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Johnson Flying Service's Plight 4844-C, December 22, 1954, was a CAM (civil air movement of military personnel) flight from Newark, New Jersey, to Tacoma, Washington, with planned intermediate stops among which were Pittsburgh, Pennsylvania; Colorado Springs, Colorado; Monterey, California; and Tacoma, Washington. The crew consisted of Captain Harold A. Poe., Captain Joseph J. Grekowicz, and Copilots Clarence E. Chapman and Charles R. Carter, Captain Robert P. Walker, the fifth crew member, was employed by the company as cabin attendant prior to the departure from Newark. The aircraft was serviced with 170 gallons of 100 octane fuel which was placed in the two main tanks in equal amounts, making a total of 225 gallons according to the weight and balance manifest. A preflight inspection of the aircraft was performed by Captain Grekowicz with no discrepancies found. According to the company's Weight and Balance Manifest the aircraft at the time of departure weighed 25,317 pounds, which was within the allowable gross weight of 25,346 pounds; the load was distributed within the prescribed limits with respect to the center of gravity of the aircraft. Prior to departing Newark, Captain Poe filled with the CAA by telephone a flight plan indicating a flight to be made in accordance with visual flight rules (VFR) to the Allegheny County Airport, Pittsburgh, Pennsylvania. The route to be followed was via Amber 7, Green 3, and Red 21 Airways. 2 The flying time to Pittsburgh was estimated to be one hour and forty minutes, at an airspeed of 155 knots 3 with two hours and forty minutes of available fuel. The flight departed Newark at 2038 with 23 passengers on board. Routine en route position reports were made and at 2206 the flight reported over Philipsburg, Pennsylvania, VFR, estimating Westover, Pennsylvania, at 2219. At approximately 2220, the Pittsburgh combined CAA station/center (INSAC and Air Route Traffic Control) heard the flight calling Altoona, Pennsylvania, radio (INSAC) on the radio frequency of 126.7 mc. As several calls to Altoona were unanswered, Pittsburgh radio attempted to contact the aircraft but was unsuccessful. Two minutes later, at 2222, Pittsburgh radio heard N 24320 calling Westover on 126.7 mc. Since Westover is a radio beacon and has no voice facilities, Pittsburgh radio again tried to contact the aircraft, but was unsuccessful. At 2225 the flight reported to Brookville, Pennsylvania, radio that it was over Westover at 2220, VFR, estimating Pittsburgh at 2252. Pittsburgh radio received a call from the flight at 2238 asking if fuel was available at "Johnson Marker." Pittsburgh interpreted this to mean Johnstown, Pennsylvania, and replied "Reference fuel at Johnstown, they do have 91/96 octane and lower and we're attempting to contact Allegheny Airlines at Johnstown now to see if they would be open at this time of night. The Air Guide doesn't list any hours that they are open. You'll have enough fuel to land at Allegheny County, original destination, won't you, over?" The pilot advised he was not sure, and then requested that the runway lights at the Johnstown Airport be turned on. Pittsburgh radio attempted to contact the Johnstown Airport by telephone and inter phone without success and advised the flight that they were unable to contact them at this time but would continue trying. At 2244, N 24320 called Pittsburgh radio and advised that it was over the Johnstown Airport. The pilot was asked to stand by and as soon as it was determined that Johnstown could not be contacted, Pittsburgh radio so advised. N 24320, at 2247, told Pittsburgh radio that it had passed Johnstown and was continuing to the Allegheny County Airport. Two minutes later Pittsburgh again asked the flight if it wished them to continue attempting to contact the Johnstown Airport. The pilot then said he would continue to Pittsburgh and asked for information on other fields where he might land. This was answered, "Douglas 4320 Pittsburgh radio. Nothing for a DC-3 Douglas 4320, it's either Greater Pittsburgh or Allegheny County, over." At 2251, Pittsburgh gave the flight the current Allegheny County weather as: Clear, temperature 20, dew-point 10, wind south-southwest 9. When asked his altitude the pilot answered 3,200 feet. He was then given the winds aloft at 3,000 feet as being 260 degrees 10 knots. A minute later the flight advised that it was 7 miles east of the Allegheny County Airport and could see it; that it was crossing the river and could see the field lights. Pittsburgh radio then called the Allegheny County tower and advised that N 24320, a DC-3, was approximately 10 miles east, low on fuel, and was landing at that airport. The tower requested that the aircraft change to tower frequency. Pittsburgh radio called the flight at 2254, and asked it to contact the tower on 121.3 mc. In reply the pilot said that he did not have 121.3 mc. but would contact the tower on 126.18 mc. He was advised that frequency was satisfactory. The flight immediately called the tower and requested landing information. It was then cleared for a straight-in approach to runway 27 and asked to report when 3 miles out. The weather was given as: Wind southwest variable south, calm to 10, altimeter 29.84. At 2256, the flight reported it was 3 miles east on final approach; it was then cleared to land. At 2257, the flight reported that it was out of gas. At this time the tower observed the aircraft to be approximately 2 miles from the airport on final approach. The tower immediately asked if the pilot believed he could make the field. The pilot replied, "I doubt it very much. We have both engines feathered, we are coming down over the red lights. I don't know if we'll make it or not. We are 2,000 feet." At 2258 the pilot advised, "We are going to set it down." The tower observed the aircraft make a left turn and head toward the south. It then disappeared from the controller's view below the hills southeast of the airport. Necessary calls pertaining to the emergency were Immediately effected. The aircraft, heading in a southerly direction, was ditched wheels up in the Monongahela River at approximately 2300. The captain, Harold A. Poe, who was flying the aircraft, and nine passengers were drowned.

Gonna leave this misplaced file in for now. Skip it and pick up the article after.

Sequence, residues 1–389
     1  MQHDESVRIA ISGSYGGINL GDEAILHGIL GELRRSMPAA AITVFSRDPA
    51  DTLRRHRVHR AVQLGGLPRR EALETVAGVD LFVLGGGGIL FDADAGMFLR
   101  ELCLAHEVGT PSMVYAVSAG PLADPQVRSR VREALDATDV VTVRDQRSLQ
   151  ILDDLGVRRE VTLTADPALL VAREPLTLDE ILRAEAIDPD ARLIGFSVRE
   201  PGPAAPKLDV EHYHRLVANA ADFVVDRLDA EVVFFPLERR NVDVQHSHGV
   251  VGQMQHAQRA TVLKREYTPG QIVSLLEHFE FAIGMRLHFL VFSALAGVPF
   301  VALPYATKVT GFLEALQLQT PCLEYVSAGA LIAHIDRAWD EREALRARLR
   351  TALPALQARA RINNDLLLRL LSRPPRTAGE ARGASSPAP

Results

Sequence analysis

Probable cause: